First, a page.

A combination of falling residual values across the majority of vehicle segments, extended replacement cycles and more cars of poor quality going through auctions have prompted auction giant BCA to issue the warning that some corporate sellers have ‘taken their eye off the ball’ and are losing money by chasing impossible prices for their vehicles.
BCA’s director of customer affairs Tom Madden said: ‘Trying to achieve over guide prices for average-condition cars is like chasing fools’ gold. When you add the cost of financing or funding over-priced, over-aged, fast-depreciating and slow-churning stock, the financial equation leads one to conclude that this is the economics of the mad house.
‘Any organisation remarketing a volume of vehicles during 2004 should ensure they are benchmarking by a number of criteria – not simply performance against guide values.’
The trend towards extending contracts to four years over recent years has meant that many cars are coming back with high mileages and in poorer condition than last year, when there was less volume and higher quality, which pushed up prices. Many fleets are still sticking to last year’s disposal strategies, which yielded strong prices.
Madden said: ‘The reality is they are chasing unrealistic prices that the stock doesn’t deserve because either the condition is not right or there are too many other similar cars available at a cheaper price.
‘In doing so, they are simply delaying the inevitable. The end result will see them taking less for their cars than if they had been more rational and realistic in their initial appraisal and valuation of their stock.’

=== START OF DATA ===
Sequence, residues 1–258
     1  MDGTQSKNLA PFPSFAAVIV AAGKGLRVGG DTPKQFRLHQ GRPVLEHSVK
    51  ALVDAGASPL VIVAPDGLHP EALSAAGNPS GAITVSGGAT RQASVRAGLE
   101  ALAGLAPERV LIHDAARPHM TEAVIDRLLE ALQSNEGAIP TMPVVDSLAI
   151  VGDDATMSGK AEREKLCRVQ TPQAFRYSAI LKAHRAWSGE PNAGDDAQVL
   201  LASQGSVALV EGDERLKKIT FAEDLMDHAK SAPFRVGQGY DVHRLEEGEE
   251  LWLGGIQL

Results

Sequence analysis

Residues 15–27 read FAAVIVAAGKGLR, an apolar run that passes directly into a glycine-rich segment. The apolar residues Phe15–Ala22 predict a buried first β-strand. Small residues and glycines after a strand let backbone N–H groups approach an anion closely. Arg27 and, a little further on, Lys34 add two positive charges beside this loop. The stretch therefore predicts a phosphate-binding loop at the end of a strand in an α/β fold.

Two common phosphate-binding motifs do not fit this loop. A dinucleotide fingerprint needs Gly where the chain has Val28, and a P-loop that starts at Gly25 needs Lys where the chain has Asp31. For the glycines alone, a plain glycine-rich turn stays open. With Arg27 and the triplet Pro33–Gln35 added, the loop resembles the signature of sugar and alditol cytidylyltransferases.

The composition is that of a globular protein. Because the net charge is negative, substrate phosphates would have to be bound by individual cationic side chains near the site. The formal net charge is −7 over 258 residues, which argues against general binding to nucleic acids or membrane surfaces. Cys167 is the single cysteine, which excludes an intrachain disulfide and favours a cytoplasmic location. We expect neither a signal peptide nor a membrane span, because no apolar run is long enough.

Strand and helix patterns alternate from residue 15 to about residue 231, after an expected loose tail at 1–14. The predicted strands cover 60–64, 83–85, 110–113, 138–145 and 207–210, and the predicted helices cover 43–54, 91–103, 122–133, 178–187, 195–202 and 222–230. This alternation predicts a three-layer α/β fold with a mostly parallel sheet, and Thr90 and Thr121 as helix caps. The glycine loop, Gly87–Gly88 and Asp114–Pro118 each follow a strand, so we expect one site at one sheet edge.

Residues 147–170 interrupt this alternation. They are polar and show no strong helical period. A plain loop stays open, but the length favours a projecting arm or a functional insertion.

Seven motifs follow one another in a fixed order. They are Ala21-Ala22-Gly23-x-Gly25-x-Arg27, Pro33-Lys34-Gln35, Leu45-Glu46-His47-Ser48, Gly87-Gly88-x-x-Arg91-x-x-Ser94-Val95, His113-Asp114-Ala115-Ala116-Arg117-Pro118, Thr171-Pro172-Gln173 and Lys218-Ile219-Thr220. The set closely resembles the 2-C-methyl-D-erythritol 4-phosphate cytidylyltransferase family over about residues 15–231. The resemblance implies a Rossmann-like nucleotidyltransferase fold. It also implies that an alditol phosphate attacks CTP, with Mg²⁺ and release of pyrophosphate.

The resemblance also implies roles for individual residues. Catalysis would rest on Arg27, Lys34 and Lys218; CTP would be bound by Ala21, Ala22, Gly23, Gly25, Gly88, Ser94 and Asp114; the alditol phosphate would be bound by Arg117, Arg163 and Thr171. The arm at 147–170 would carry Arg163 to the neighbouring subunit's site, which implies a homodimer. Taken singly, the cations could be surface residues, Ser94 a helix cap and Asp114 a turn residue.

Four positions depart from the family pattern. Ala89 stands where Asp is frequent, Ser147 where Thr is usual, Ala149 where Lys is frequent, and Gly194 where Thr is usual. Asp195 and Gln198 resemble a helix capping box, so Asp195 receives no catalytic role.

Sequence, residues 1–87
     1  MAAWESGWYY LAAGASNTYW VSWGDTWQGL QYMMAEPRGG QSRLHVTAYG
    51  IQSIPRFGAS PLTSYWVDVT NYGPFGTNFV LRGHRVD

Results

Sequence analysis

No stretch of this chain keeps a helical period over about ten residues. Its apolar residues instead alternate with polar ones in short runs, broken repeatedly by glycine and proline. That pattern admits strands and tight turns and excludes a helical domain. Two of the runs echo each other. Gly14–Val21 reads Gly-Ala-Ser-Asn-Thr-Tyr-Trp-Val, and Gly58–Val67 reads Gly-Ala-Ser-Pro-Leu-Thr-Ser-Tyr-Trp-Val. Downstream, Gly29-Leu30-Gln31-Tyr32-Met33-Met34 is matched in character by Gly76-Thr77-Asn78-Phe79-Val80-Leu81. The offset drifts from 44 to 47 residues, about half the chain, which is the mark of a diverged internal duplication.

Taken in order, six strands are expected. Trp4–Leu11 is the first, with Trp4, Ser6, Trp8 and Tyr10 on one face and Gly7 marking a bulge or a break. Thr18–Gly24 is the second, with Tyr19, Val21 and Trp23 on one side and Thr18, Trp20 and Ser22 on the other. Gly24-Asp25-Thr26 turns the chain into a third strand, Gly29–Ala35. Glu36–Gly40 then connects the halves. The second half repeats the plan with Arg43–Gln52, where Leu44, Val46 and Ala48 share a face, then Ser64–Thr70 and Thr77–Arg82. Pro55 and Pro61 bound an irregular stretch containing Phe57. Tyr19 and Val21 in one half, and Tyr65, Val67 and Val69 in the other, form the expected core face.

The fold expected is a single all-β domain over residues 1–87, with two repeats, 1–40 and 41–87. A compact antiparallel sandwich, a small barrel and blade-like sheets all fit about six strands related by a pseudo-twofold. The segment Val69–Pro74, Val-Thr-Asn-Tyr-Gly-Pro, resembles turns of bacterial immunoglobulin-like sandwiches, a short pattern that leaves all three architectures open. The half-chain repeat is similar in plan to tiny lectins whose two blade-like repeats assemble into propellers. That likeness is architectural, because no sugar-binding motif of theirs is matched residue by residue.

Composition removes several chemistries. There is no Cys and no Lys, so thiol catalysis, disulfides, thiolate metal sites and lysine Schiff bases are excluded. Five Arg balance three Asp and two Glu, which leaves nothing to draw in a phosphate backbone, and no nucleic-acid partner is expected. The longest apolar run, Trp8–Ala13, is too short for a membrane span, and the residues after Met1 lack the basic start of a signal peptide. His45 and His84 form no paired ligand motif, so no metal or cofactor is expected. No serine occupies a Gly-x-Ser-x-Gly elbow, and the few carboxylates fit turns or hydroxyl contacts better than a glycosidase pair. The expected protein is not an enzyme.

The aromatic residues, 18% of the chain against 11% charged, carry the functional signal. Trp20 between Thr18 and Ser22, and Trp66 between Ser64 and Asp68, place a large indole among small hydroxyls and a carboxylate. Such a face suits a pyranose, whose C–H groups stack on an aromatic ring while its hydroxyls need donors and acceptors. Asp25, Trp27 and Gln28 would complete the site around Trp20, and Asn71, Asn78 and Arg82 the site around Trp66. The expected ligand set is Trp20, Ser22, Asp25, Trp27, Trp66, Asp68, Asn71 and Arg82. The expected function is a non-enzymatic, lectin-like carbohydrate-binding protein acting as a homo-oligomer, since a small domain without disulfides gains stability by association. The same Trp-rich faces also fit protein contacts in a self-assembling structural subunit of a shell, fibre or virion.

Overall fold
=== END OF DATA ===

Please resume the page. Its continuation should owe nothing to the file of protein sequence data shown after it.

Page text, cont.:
He added that vendors are suffering low conversions and slow churn, generating poor cash flow and buyer apathy.
Experts at BCA believe vendors are turning down bids when the car is first offered, only to accept lower prices many weeks – or even months – later, which is costing hundreds and in some cases even thousands of pounds on each vehicle.
Madden continued: ‘Price is not everything in a volume business and buyers and sellers have to be pragmatic and realistic to keep the churn going. This is the basic tenet of trading. It remains to be seen if car sellers embrace the ethos.’
Manheim Auctions warned a month ago fleets they should consider accepting below-CAP Clean prices as the current supply of used vehicles was exceeding demand (Fleet NewsNet, June 24).
It said vendors holding out for more than CAP Clean, as they did in 2003, risked losing thousands of pounds as a result.
Martin Potter, Manheim corporate sales director, said: ‘Holding on to the car is often a false economy, especially at the end of the month, as CAP and Glass’s publish their latest used-value guides and the car’s value could drop by £200.’